1. ITV Report

Water Voles return to Exmoor home

Conservationists plan to release another 150 water voles next spring. Photo: ITV West Country

For the first time in 30 years, one of the country's "most endearing" and rare mammals will soon be swimming again along some of the riverbanks of West Somerset.

150 water voles are being released in six places on the National Trust's Holnicote Estate on Exmoor.

According to the National Trust, the water vole is Britain's fastest declining land mammal, over time disappearing from 94% of its former sites.

They disappeared from the area due to intensive farming and predation by mink.

The plan is to release another 150 next spring.

I remember being enchanted by these creatures as a child, and hugely welcome their return. They were once a vital part of the Holnicote ecosystem, and could be again. This ambitious project not only brings back to its rightful home a much-loved small animal, which sadly became locally extinct due to human activity, but also adds to the whole wealth of wildlife and enjoyment of this wild and stunning estate.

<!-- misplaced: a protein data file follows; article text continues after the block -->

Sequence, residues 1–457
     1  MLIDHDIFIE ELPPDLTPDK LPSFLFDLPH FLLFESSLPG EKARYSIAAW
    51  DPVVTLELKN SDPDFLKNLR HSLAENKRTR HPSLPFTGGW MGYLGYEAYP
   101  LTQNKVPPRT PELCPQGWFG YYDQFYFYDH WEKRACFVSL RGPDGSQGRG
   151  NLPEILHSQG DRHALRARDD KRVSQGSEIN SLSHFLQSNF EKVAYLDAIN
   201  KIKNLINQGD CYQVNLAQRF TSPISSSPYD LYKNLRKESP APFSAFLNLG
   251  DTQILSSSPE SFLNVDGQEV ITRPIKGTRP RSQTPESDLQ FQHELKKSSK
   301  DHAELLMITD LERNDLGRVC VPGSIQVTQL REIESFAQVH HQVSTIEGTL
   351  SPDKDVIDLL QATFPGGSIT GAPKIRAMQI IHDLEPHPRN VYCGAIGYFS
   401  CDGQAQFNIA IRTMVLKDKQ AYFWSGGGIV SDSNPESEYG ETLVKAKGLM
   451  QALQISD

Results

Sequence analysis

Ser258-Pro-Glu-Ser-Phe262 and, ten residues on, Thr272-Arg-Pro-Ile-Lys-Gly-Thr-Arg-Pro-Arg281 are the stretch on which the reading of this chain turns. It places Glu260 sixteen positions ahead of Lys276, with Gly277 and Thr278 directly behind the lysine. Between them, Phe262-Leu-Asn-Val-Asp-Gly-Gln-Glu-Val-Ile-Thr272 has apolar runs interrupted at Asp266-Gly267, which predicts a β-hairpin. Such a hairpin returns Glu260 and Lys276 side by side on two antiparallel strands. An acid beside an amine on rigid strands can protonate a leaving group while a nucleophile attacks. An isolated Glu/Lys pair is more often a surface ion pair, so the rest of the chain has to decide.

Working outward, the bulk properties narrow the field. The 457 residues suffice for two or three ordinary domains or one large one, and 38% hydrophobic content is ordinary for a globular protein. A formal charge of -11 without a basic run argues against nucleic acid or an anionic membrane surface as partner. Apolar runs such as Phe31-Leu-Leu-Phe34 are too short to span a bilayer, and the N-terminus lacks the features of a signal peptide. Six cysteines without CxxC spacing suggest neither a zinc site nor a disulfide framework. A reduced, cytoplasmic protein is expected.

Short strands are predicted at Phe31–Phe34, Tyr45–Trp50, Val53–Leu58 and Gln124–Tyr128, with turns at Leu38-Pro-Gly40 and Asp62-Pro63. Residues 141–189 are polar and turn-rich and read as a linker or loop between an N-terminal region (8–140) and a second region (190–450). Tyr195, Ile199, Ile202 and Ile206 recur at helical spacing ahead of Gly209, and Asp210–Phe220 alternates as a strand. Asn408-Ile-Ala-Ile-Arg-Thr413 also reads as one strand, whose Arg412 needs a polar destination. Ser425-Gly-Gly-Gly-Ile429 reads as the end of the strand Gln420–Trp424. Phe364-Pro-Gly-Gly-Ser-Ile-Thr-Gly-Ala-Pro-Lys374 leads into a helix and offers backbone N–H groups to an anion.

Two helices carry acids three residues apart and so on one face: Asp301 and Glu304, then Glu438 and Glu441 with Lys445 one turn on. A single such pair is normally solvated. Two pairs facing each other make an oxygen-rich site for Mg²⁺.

In true 'Wind in the Willows' style, these voles should soon be busy burrowing into the muddy banks and creating more natural-looking edges to streams with shady pools that are great for so many other small creatures. I very much look forward to making their acquaintance once more."

– Alex Raeder, the National Trust's South West Conservation Manager
  • Watch the video below for more information on water voles and their return to Exmoor:

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